WINDHAM — Top state and local officials are concerned completion of the $769 million widening of Interstate 93 could be jeopardized by a loss of federal highway funding.
That’s why U.S. Sen. Jeanne Shaheen, D-N.H., was joined by nearly 20 representatives from Windham, Derry, Londonderry and Salem, the New Hampshire Department of Transportation and other agencies on a newly paved portion of I-93 yesterday.
They came to push for the need for more funding for the 20-mile widening project and other transportation improvement projects.
Shaheen said with the upcoming Fourth of July weekend, one of the busiest holiday travel periods of the year, the time was right to call for more transportation funding.
“We know how crucial it is here to have good roads, bridges and infrastructure at the beginning of tourism season,” she said.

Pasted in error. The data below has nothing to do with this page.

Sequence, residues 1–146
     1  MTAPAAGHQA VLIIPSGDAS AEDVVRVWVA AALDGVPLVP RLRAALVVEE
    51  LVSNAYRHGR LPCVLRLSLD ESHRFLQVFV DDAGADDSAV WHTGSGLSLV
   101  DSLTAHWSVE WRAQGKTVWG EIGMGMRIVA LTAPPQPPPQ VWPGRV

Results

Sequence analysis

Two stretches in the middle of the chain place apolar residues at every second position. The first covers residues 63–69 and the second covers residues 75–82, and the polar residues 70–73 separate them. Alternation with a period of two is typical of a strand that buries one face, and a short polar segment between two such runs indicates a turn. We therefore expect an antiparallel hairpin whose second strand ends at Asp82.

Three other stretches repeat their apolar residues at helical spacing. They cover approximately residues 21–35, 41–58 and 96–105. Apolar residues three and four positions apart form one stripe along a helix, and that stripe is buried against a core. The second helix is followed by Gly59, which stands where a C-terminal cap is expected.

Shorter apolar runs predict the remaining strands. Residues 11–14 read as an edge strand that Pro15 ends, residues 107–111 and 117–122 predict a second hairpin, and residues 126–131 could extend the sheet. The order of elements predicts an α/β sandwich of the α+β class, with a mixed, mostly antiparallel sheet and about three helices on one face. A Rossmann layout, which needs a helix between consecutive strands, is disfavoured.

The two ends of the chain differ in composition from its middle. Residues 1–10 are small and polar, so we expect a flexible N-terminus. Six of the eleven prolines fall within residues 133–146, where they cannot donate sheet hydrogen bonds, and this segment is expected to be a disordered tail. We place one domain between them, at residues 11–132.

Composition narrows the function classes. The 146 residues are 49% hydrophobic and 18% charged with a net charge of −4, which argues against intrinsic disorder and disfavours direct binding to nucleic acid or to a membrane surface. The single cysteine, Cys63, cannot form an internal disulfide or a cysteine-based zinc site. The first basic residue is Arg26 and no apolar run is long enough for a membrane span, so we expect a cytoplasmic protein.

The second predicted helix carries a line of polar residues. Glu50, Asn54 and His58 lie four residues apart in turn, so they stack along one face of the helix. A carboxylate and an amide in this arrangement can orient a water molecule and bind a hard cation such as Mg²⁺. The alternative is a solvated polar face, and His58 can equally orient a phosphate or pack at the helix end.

The U.S. Department of Transportation has projected the national highway trust fund could be hit with a shortfall before the end of fiscal 2014.
The fund’s depletion would mean the loss of $55 million in transportation money for New Hampshire and more than 700 jobs, according to Shaheen’s office.
“We need a short-term fix to get us through this fiscal year,” Shaheen said. “We have a critical issue right now. This needs to get fixed — we have jobs depending on this.”
The loss of federal funding would severely hamper the I-93 widening between Salem and Manchester, according to DOT Deputy Commissioner Patrick McKenna.
A state fuel tax increase of 4.2 cents per gallon, enacted yesterday, will help fund approximately $200 million of the project, but federal money is still needed, McKenna said.
“We’re relying on $50 million in federal funds on top of that to complete the work,” McKenna said.
Failure by Congress to act in a timely fashion will just increase the project’s price tag, he said.